2 Newton’s law of gravitation Any two (or more) massive bodies attract each otherGravitational force (Newton's law of gravitation)Gravitational constant G = 6.67*10 –11 N*m2/kg2 = 6.67*10 –11 m3/(kg*s2) – universal constant
3 Chapter 8Problem 15Two identical lead spheres with their centers 14 cm apart attract each other with a 0.25-µN force. Find their mass.
4 Gravitation and the superposition principle For a group of interacting particles, the net gravitational force on one of the particles isFor a particle interacting with a continuous arrangement of masses (a massive finite object) the sum is replaced with an integral
5 Shell theoremFor a particle interacting with a uniform spherical shell of matterResult of integration: a uniform spherical shell of matter attracts a particle that is outside the shell as if all the shell's mass were concentrated at its center
6 Shell theoremFor a particle inside a uniform spherical shell of matterResult of integration: a uniform spherical shell of matter exerts no net gravitational force on a particle located inside it
7 Gravity force near the surface of Earth Earth can be though of as a nest of shells, one within another and each attracting a particle outside the Earth’s surfaceThus Earth behaves like a particle located at the center of Earth with a mass equal to that of Earthg = 9.8 m/s2This formula is derived for stationary Earth of ideal spherical shape and uniform density
8 Gravity force near the surface of Earth In reality g is not a constant because:Earth is rotating,Earth is approximately an ellipsoidwith a non-uniform density
9 Gravitational fieldA gravitational field exists at every point in spaceWhen a particle is placed at a point where there is gravitational field, the particle experiences a forceThe field exerts a force on the particleThe gravitational field is defined as:The gravitational field is the gravitational force experienced by a test particle placed at that point divided by the mass of the test particle
10 Gravitational fieldThe presence of the test particle is not necessary for the field to existThe source particle creates the fieldThe gravitational field vectors point in the direction of the acceleration a particle would experience if placed in that fieldThe magnitude is that of the freefall acceleration at that location
11 Gravitational potential energy Gravitation is a conservative force (work done by it is path-independent)For conservative forces (Ch. 7):
12 Gravitational potential energy To remove a particle from initial position to infinityAssuming U∞ = 0
14 OrbitsAccounting for the shape of Earth, projectile motion (Ch. 3) has to be modified:
15 OrbitsThe total mechanical energy E = K + U determines the type of orbit an object follows:E < 0: The object is in a bound, elliptical orbit
16 OrbitsThe total mechanical energy E = K + U determines the type of orbit an object follows:Special cases include circular orbits and the straight-line paths of falling objects
17 OrbitsThe total mechanical energy E = K + U determines the type of orbit an object follows:E > 0: The orbit is unbound and hyperbolic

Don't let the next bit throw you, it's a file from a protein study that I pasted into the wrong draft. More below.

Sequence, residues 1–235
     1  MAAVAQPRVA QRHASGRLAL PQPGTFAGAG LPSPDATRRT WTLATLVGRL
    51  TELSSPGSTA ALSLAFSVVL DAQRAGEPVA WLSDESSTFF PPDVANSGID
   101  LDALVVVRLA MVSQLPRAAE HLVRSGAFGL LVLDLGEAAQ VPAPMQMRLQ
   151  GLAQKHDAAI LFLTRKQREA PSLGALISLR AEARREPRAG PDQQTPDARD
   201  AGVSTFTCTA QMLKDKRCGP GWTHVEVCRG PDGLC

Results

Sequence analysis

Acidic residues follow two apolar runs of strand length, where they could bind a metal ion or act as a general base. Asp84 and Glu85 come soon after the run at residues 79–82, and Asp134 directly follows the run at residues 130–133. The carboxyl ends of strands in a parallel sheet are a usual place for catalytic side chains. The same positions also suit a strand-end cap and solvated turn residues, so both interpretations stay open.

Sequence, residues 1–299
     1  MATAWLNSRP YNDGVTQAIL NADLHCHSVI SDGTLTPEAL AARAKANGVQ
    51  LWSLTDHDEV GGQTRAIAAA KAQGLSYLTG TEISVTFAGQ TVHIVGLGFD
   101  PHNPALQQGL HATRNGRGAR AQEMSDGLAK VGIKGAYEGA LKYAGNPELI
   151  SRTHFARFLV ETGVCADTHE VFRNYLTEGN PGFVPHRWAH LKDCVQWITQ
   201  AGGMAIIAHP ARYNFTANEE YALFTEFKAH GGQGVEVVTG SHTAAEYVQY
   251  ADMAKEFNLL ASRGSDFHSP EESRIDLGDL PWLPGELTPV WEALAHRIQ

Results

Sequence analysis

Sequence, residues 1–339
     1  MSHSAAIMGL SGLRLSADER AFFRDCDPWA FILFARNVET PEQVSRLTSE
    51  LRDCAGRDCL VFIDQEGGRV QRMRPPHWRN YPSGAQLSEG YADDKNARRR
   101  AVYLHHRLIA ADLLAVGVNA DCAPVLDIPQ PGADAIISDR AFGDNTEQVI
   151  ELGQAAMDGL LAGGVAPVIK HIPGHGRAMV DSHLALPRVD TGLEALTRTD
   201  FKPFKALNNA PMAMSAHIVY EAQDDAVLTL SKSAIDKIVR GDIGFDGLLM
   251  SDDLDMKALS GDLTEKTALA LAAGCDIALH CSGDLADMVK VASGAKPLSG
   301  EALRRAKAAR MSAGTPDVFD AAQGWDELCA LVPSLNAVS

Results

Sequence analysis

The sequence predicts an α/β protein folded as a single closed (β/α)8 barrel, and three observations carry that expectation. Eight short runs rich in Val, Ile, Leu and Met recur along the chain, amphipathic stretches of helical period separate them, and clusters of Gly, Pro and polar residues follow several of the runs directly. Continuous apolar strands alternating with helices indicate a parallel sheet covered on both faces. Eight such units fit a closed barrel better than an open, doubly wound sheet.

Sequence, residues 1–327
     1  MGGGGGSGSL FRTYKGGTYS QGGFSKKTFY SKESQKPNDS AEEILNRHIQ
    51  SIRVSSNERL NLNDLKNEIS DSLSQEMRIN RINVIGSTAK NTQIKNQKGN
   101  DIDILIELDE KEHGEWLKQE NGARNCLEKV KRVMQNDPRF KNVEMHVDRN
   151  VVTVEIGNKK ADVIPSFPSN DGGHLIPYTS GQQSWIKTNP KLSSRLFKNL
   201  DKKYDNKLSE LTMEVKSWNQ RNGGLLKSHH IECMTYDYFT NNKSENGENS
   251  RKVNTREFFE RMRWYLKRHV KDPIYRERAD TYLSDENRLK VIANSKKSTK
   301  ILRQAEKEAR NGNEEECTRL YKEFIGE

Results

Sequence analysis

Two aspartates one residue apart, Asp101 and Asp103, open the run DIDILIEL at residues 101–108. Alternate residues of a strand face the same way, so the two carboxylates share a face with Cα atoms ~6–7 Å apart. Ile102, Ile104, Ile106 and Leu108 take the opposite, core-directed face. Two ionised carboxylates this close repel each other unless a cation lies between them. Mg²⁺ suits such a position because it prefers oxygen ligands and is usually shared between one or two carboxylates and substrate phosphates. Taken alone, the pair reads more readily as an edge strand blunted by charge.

18 OrbitsThe total mechanical energy E = K + U determines the type of orbit an object follows:E = 0: The borderline case gives a parabolic orbit
19 OrbitsElliptical orbits of planets are described by a semimajor axis a and an eccentricity eFor most planets, the eccentricities are very small (Earth's e is )
20 OrbitsThe “parabolic” trajectories of projectiles near Earth’s surface are actually sections of elliptical orbits that intersect Earth
21 OrbitsThe trajectories are parabolic only in the approximation that we can neglect Earth’s curvature and the variation in gravity with distance from Earth’s center
22 Orbits For a circular orbit and the Newton’s Second law Kinetic energy of a satelliteTotal mechanical energy of a satellite
23 Orbits For an elliptic orbit it can be shown Orbits with different e but the same a have the same total mechanical energy
24 Chapter 8Problem 40A white dwarf is a collapsed star with roughly the Sun’s mass compressed into the size of Earth. What would be (a) the orbital speed and (b) the orbital period for a spaceship in orbit just above the surface of a white dwarf?
25 Escape speedEscape speed: speed required for a particle to escape from the planet into infinity (and stop there)
26 Escape speed If for some astronomical object Nothing (even light) can escape from the surface of this object – a black hole
27 Chapter 8Problem 54A projectile is launched vertically upward from a planet of mass M and radius R; its initial speed is twice the escape speed. Derive an expression for its speed as a function of the distance r from the planet’s center.
28 Kepler’s laws Three Kepler’s laws Tycho Brahe/Tyge OttesenBrahe de Knudstrup( )Johannes Kepler( )Kepler’s lawsThree Kepler’s laws1. The law of orbits: All planets move in elliptical orbits, with the Sun at one focus2. The law of areas: A line that connects the planet to the Sun sweeps out equal areas in the plane of the planet’s orbit in equal time intervals3. The law of periods: The square of the period of any planet is proportional to the cube of the semimajor axis of its orbit
29 Third Kepler’s law For a circular orbit and the Newton’s Second law From the definition of a periodFor elliptic orbits
30 Chapter 8Problem 23The Mars Reconnaissance Orbiter circles the red planet with a 112-min period. What’s the spacecraft’s altitude?